The funeral was attended by kings, princes, heads of state and senior officials from almost 50 nations.
A military royal guard of honour lined the entrance to the walled palace, while thousands of soldiers and policemen in ceremonial uniforms stretched out along the funeral route.
Hassan, who was a pivotal figure in the Arab world, died suddenly on Friday of a heart attack aged 70. He will be interred in a marble mausoleum alongside his father Mohammed V.
Meanwhile, U.S. President Clinton met Israeli Prime Minister Ehud Barak and Palestinian President Yasser Arafat at a three-way meeting in Rabat ahead of the funeral.
Syrian President Hafez al-Assad did not attend the funeral as expected and diplomats had speculated that he might have used the occasion to meet other Middle East leaders.
 SEREZIS ISSUEThe public dispute between Government Spokesman, Costas Serezis and Democratic Rally President, Nicos Anastasiades has not died down.
Reports indicate that there are no plans for a thorough reshuffle in the near future.
Foreign Minister, Ioannis Kasoulides said today he does not want to make any comments on a reshuffle because it is not part of his duties.
Interior Minister, Christodoulos Christodoulou said President Clerides had clarified that he is not thinking to reshuffle the government at present.
Education Minister, Ouranios Ioannides said the Serezis issue will be settled tomorrow during a meeting between President Clerides and Mr Anastasiades.
Mr Serezis had said on Thursday that he received no political backing while the president of the ruling party, Mr Anastasiades, spoke of ingratitude on the part of Mr Serezis.
Government Spokesman told CyBC he does not wish to participate in the public discussion which Mr Anastasiades has started.
 PAPHOS CHRISTODOULOUInterior Minister, Christodoulos Christodoulou said that all vital projects for the Paphos district will go ahead.
The issue was at the centre of a discussion during the Paphos Communities Union general assembly which took place in Chlorakas in the presence of Mr Christodoulou.
The Minister said the government is in a position to announce deadlines for the implementation of those projects which are still pending.
In a letter to President Glafcos Clerides, the Paphos communities had called for the immediate implementation of a number of projects which are of vital significance for the survival of the district's small communities.
 PALIOMETOHO MONUMENTUnknown culprits vandalised a monument at Paliometoho village, dedicated to those who fell during the Turkish invasion.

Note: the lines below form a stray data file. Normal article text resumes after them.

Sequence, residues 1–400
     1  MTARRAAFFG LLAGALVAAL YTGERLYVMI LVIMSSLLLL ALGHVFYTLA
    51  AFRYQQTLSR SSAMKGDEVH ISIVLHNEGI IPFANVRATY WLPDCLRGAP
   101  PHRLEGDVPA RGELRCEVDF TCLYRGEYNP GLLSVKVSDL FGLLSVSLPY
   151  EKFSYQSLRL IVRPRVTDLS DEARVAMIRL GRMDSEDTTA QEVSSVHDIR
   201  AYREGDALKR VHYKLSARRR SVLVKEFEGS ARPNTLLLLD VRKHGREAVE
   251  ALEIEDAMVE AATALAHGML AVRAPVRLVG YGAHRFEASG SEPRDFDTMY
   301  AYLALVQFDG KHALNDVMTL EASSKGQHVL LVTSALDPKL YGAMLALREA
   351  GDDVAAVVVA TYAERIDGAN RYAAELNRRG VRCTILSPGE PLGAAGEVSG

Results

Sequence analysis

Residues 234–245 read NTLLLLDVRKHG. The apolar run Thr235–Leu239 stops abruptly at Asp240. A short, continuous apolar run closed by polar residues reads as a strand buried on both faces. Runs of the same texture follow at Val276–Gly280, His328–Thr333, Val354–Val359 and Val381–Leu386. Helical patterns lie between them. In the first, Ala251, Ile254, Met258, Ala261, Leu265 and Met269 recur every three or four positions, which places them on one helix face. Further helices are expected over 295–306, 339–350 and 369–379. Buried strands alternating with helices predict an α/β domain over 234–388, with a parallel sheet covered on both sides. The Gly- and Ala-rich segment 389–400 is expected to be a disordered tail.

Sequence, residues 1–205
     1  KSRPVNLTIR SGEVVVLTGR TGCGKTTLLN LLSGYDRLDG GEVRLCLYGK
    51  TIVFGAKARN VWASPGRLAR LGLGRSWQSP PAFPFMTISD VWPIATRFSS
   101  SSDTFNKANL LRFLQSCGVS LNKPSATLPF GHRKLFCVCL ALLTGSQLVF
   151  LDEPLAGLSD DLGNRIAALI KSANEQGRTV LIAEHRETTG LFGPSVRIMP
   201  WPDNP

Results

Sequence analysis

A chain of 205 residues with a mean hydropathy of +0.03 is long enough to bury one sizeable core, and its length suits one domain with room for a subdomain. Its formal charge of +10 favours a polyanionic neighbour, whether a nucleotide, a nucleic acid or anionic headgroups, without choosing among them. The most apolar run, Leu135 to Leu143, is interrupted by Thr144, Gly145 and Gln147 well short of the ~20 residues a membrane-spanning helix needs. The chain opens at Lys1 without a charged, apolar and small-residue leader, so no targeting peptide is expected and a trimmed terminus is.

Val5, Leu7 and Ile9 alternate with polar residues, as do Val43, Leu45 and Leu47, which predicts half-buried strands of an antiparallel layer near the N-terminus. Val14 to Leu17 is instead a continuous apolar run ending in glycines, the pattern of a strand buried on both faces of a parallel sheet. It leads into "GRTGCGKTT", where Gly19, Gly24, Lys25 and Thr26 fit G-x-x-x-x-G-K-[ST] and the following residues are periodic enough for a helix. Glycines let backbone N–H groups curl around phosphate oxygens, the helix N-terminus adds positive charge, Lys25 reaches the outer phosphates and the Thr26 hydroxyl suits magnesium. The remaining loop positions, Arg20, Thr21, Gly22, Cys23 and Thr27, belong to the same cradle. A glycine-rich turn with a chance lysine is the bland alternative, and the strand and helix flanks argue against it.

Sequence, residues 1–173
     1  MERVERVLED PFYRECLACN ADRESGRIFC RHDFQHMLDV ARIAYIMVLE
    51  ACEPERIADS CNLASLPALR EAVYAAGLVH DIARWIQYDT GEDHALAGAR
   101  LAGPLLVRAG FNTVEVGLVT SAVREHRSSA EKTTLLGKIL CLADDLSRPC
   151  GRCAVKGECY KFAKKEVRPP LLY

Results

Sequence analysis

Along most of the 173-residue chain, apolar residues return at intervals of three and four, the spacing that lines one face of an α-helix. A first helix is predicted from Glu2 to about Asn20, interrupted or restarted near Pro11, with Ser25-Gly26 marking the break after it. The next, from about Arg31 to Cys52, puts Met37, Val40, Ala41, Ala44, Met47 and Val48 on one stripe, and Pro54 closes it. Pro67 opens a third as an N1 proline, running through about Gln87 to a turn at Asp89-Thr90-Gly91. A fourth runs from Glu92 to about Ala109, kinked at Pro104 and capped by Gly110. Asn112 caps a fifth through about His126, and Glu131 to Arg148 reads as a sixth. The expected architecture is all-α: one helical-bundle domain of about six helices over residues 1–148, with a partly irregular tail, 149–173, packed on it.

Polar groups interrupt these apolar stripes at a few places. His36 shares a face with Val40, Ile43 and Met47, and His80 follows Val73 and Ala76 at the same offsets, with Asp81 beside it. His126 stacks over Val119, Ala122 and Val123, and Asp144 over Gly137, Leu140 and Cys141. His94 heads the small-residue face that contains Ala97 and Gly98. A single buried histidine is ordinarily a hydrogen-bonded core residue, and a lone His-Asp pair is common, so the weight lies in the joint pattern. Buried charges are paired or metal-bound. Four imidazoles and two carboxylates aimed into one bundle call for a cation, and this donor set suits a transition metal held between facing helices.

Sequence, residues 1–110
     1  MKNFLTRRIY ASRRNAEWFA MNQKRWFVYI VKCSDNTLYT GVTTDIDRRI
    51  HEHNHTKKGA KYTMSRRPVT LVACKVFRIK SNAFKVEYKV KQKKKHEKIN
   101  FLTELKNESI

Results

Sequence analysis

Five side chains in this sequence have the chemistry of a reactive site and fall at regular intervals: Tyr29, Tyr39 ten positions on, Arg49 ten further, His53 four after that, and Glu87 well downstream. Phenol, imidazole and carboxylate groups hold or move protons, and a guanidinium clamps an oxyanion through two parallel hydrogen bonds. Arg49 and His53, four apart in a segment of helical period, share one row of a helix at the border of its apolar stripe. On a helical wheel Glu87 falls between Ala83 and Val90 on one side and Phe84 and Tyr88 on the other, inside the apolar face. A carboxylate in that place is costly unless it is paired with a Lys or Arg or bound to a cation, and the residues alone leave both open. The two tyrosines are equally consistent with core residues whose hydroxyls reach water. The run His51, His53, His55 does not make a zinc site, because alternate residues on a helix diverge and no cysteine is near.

The culprits, thought to be young people, defaced the monument with black paint, causing outrage among village residents.
A memorial service was held today at Paliometoho for those who died during the invasion.
 TAXI DRIVER ATTACKA taxi driver was attacked in the early hours today by a passenger who tried to strangle him with rope at the Pervolia village area.
Demetris Yiannakou, 40, from Salamiou Paphos, and now a Larnaca resident, reported to the Police that the attacker was a foreigner, possibly a Russian.
He said he managed to get out of the car when he was attacked, and the attacker left.
The taxi driver suffered bruises on the neck and legs and was transferred to the First Aid department of the Larnaca General hospital.
 FORMULABriton Eddie Irvine moved into serious contention for the Formula One world championship on Sunday with a dramatic victory for Ferrari in the Austrian Grand Prix.
Eddie Irvine came home just three tenths of a second ahead of compatriot David Coulthard in a McLaren to secure only the second victory of his grand prix career.
The win moved Eddie Irvine into second position in the championship with 42 points, just two behind world champion Mika Hakkinen who finished today's race in third place.
 WEATHERTomorrow, the weather will be mainly clear. Winds will be north-westerly light, three beaufort becoming westerly to south-westerly moderate, four to five beaufort.
The sea will be slight to moderate in windward areas. Temperatures will reach 38 C inland, 34 C on the south coast, 31 C on the west and 28 C over the mountains.